CINCINNATI — There’s no denying the sense of awe you get when walking through the front door and into the grand rotunda of the Cincinnati Museum Center at Union Terminal. But visitors might find themselves a little less awestruck as construction begins on a temporary lobby that will block the view and access to the largest half-dome in the western hemisphere during the building’s $212.7 million renovation.
Temporary barriers now limit the public’s access to just the front of the ticket kiosk. Over the coming weeks, plans call for scaffolding, drywall and a roof to create a lobby within a lobby. Small window-type cutouts in the drywall will allow visitors to peek in at the rotunda, which will serve as a holding area for materials while also undergoing its own cleaning process and restoration. The temporary lobby should be complete — and the rotunda out of sight — by the end of August.
“The objective is to provide a safe, clean experience for the visitors,” said Dan Shapiro of GBBN Architects, the firm hired to handle the overall design of the renovation. “You’ll be in an enclosed room. But the space will be pretty large, and there will be thematic displays in the lobby.”
Steve Swisher, senior project manager for Turner Construction, said the temporary lobby would be constructed at night in order to minimize any inconveniences to visitors. There is a transition plan to get Amtrak patrons through the lobby until Amtrak relocates their operation to an exterior facility on the north side of the building, scheduled for September.
“It will be fairly simple, actually, to work on the rotunda,” Swisher said. “There was a lot of time and effort that went into the specific sizing of the temporary lobby.”
The Duke Energy Children’s Museum and the special exhibits gallery, located on the lower level, will remain open during the renovation and are accessible through the temporary lobby. The Cincinnati History Museum, the Museum of Natural History & Science and Omnimax Theater are closed for the duration of the refurbishment, which is scheduled for completion in November 2018.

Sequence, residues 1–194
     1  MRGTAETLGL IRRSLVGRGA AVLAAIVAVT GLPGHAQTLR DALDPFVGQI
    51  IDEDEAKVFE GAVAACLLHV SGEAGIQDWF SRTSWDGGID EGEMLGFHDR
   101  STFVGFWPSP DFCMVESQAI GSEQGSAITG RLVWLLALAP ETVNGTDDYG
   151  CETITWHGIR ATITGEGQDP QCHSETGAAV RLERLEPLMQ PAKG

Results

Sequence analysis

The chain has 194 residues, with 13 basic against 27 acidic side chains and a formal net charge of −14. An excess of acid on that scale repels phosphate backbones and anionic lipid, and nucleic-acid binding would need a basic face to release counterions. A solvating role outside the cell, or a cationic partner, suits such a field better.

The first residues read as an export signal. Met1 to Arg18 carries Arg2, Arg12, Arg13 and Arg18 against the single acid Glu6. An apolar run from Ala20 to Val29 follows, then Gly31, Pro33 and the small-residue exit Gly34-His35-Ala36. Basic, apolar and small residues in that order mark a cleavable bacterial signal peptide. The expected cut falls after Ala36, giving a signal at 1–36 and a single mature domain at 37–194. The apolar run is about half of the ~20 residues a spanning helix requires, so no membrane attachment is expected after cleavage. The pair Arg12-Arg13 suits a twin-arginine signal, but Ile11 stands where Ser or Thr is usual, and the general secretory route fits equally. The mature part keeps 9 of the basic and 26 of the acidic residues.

Cody Hefner, spokesman for the Museum Center, said they’ve tailored the upcoming special exhibits toward an adult audience for visitors who might not be interested in the children’s museum. Tickets are on sale now for Da Vinci – The Genius, which runs through Oct. 9.
“We realize it cannot be business as usual, status quo, because this is a very serious project,” Hefner said. “There’s a lot of moving parts, and the building is going to look much different with sections closed off and pieces of equipment out front. It’s going to be a construction zone.”
On the building’s exterior, temporary fencing along the walkway directs visitors from the north parking lot to the front door. The parking lot on the south side of the building is closed to the public and now acts as a construction staging area. Scheduled to begin this fall is the dismantling of Union Terminal’s signature fountain in front of the building.
“That’s going to be dramatic,” Shapiro said. “The entire front plaza is a roof that sits on top of the museum. We’re going to remove everything you see – the paving, the fountains, the landscape and the sidewalks. We’re going to take it all up, redo the waterproofing and then put it all back.”
Swisher said the goal is to complete the fountain’s disassembly by spring. “There’s a lot of craftsmanship that goes into removing the parts and pieces and categorizing them,” he said. “To take the pieces apart, mark them, store them… it’s a pretty intense process.”